Interview with Masih Alinejad

Interview with Masih Alinejad

Who is Masih Alinejad?

Masih is an Iranian-American journalist-in-exile who now lives in New York where she continues to oppose the religious dictatorship in her home country. Her resistance to Tehran’s authoritarian religious regime led to her expulsion from Iran in 2009. She has since become an international social media maven, providing communication platforms for Iranian women to celebrate their headscarf-free hair in photos and videos, along with encouraging other expressions of personal freedom.

FNF Latin America and the Liberal Network for Latin America spoke with the welll-known Iranian women's rights activist.

How did you find space to voice dissent? 

Masih Alinejad: You have to decide between going to prison or staying in a larger prison called Iran. Freedom is not free [...]. If we stay silent, we'll die gradually, without dignity. If we become loud, at least we know that we stood up against oppression.

Maybe you think I left Iran so I'm not under threat, so I'm safe outside Iran, miles away from everything that is happening, but this isn’t true. Still, I have to decide: to be safe, stay silent, enjoy my life, or think about millions of other women who are asking me to be their voices. I want to be their voice. That’s why, even outside Iran, I face daily threats.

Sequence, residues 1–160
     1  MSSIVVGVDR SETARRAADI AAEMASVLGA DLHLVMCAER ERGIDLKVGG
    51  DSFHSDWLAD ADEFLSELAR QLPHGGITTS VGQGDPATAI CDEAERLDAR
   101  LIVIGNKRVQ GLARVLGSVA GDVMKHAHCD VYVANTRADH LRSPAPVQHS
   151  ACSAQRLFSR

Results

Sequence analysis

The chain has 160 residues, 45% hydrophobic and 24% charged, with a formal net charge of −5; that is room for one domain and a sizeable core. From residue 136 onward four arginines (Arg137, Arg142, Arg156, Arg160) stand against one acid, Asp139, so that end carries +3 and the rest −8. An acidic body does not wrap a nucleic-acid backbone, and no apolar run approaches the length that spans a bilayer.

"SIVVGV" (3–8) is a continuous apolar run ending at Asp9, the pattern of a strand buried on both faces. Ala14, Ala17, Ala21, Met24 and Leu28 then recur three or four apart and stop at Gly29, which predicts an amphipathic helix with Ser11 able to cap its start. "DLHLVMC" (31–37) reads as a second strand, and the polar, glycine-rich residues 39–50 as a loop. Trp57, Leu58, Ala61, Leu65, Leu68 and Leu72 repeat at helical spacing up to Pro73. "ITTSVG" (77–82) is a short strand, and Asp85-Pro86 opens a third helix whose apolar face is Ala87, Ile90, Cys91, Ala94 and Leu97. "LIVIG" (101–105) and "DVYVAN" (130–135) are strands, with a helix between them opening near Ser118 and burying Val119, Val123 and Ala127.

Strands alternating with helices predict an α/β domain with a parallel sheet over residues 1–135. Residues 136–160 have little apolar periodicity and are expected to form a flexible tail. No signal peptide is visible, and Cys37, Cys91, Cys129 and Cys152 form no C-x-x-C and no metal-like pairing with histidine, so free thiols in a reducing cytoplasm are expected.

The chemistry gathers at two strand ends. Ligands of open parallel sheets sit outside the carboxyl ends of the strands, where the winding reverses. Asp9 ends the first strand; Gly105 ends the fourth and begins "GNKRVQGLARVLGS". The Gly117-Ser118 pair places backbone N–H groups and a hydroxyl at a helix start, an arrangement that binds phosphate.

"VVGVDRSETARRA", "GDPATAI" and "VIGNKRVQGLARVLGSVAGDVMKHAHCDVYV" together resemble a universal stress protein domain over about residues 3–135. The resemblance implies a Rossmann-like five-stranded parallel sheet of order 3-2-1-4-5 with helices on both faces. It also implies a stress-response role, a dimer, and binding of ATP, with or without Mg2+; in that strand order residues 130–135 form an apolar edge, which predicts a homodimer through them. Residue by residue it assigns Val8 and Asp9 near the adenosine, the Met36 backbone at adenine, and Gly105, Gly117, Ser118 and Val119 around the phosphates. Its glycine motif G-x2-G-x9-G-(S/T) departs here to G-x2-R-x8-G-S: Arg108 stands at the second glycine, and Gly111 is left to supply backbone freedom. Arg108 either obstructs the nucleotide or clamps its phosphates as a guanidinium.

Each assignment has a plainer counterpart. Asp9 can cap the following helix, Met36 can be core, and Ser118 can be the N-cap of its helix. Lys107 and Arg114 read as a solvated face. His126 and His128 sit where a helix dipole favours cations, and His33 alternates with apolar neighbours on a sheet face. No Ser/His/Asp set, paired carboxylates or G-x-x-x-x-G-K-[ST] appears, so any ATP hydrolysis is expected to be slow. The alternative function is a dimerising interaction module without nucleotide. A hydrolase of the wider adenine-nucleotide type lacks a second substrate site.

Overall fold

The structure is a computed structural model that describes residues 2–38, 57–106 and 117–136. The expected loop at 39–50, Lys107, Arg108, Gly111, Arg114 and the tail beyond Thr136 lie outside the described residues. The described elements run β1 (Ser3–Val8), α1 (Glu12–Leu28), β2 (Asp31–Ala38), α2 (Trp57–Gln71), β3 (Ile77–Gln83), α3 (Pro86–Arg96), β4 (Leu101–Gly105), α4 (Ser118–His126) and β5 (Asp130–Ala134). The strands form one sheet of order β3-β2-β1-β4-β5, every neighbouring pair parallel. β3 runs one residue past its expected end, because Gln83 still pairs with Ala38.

What makes people so afraid of a woman sharing stories of other women in Iran?

Masih Alinejad: They are scared of women - the Taliban, the IS, the Islamic Republic. They are all scared of free women [...].

They have guns and bullets; they have prison; they have power; they have all the media. They have everything. They can kill you; they can torture you; they can execute you. 

We do not have any of these: we don't have state media; we don't kill people; we don't hang people; we don't torture people; we don't have prison. But we have our words; we have our social media. We have dignity. That scares them: that we stand up for our dignity.

It is not about me. They are scared of our unity. 

Don’t a lot of men say “why do you talk about the hijab? We have so many bigger problems”? Could you touch on that?

Masih Alinejad: A lot, yes. I'm going to be very clear: I'm not fighting against a small piece of cloth. For me, the use of a compulsory hijab is the main pillar of a gender apartheid and a religious dictatorship [...].

When you're forced to wear [a hijab] from the age of seven, it means you’re nobody. At the same time, if you don't wear a hijab in Iran or in Afghanistan, you won’t exist. 

That shows that we are not fighting against the hijab or a small piece of cloth. We are fighting for our existence: we want to exist, and we want to have dignity. We are mature enough to make decisions over our bodies. 

Ein Angebot der

Women’s rights

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